The Apostle Thomas, called the Twin, came from Galilee. After receiving the Holy Spirit, he traveled far and wide, preaching the Gospel of Christ. He brought the precepts of Christian faith and life to the Parthians, the Medes, the Persians, the Hyrcanians and the Bactrians.
At length he went to India and instructed the people in the Christian religion. Here the holiness of his life and teaching and the greatness of his miracles had a twofold effect. In the Indian people they excited admiration of Thomas himself and love of Jesus Christ; but in the idolatrous king these same qualities aroused only anger, which was intensified by the Apostles success with the people.
The king condemned Thomas to death and had him pierced with lances. And so, at Calamina, Thomas added the crown of martyrdom to the glory of his apostleship.A sermon of Pope St. Gregory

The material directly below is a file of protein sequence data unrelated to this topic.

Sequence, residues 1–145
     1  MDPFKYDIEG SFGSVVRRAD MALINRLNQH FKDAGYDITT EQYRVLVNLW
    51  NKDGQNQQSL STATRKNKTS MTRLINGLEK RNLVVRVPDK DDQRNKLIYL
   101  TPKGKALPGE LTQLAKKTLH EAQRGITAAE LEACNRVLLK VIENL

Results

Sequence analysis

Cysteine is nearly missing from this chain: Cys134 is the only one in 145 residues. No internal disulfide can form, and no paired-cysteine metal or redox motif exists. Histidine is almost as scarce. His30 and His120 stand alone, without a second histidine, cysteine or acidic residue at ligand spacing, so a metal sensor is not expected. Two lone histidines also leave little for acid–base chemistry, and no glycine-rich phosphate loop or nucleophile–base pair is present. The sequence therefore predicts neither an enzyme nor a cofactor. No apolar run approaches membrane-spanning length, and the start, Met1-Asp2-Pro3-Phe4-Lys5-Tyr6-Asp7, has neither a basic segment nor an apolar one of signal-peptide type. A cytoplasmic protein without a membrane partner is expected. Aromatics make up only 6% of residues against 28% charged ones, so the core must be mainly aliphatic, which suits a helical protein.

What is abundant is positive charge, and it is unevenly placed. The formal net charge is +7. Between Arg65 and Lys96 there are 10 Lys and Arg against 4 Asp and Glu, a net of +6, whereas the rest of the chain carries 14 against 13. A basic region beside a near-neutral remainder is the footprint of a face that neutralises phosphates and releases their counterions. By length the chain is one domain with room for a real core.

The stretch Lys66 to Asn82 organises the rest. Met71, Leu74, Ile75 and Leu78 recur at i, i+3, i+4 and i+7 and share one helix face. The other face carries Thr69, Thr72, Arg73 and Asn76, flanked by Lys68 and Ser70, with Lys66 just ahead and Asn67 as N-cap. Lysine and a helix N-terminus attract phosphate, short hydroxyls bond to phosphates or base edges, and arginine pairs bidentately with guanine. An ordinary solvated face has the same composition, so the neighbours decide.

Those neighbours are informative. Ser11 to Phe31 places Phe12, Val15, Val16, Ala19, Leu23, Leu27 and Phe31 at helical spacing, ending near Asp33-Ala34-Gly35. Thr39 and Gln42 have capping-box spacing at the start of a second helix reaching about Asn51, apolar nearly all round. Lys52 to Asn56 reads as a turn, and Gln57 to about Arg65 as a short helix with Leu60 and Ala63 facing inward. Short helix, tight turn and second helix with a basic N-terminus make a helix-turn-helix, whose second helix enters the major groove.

In Scripture we read, The Spirit of the Lord has adorned the Heavens. Now by Heavens ornaments we mean the preachers virtues. St. Paul enumerates these ornaments when he says, To one through the Spirit is given the utterance of wisdom; and to another the utterance of knowledge, according to the same Spirit; to another faith, in the same Spirit; to another the gift of healing, in the one Spirit; to another the working of miracles; to another prophecy; to another the distinguishing of spirits; to another various kinds of tongues; to another interpretation of tongues. But all these things are the work of one and the same Spirit, who divides to everyone according as He will.
Taken from The Hours of the Divine Office in English and Latin, Vol. I: Advent to Passion Sunday (Collegeville, Minnesota: The Liturgical Press, 1963), pp. 1684-1685.
Epistle and Gospel for December 21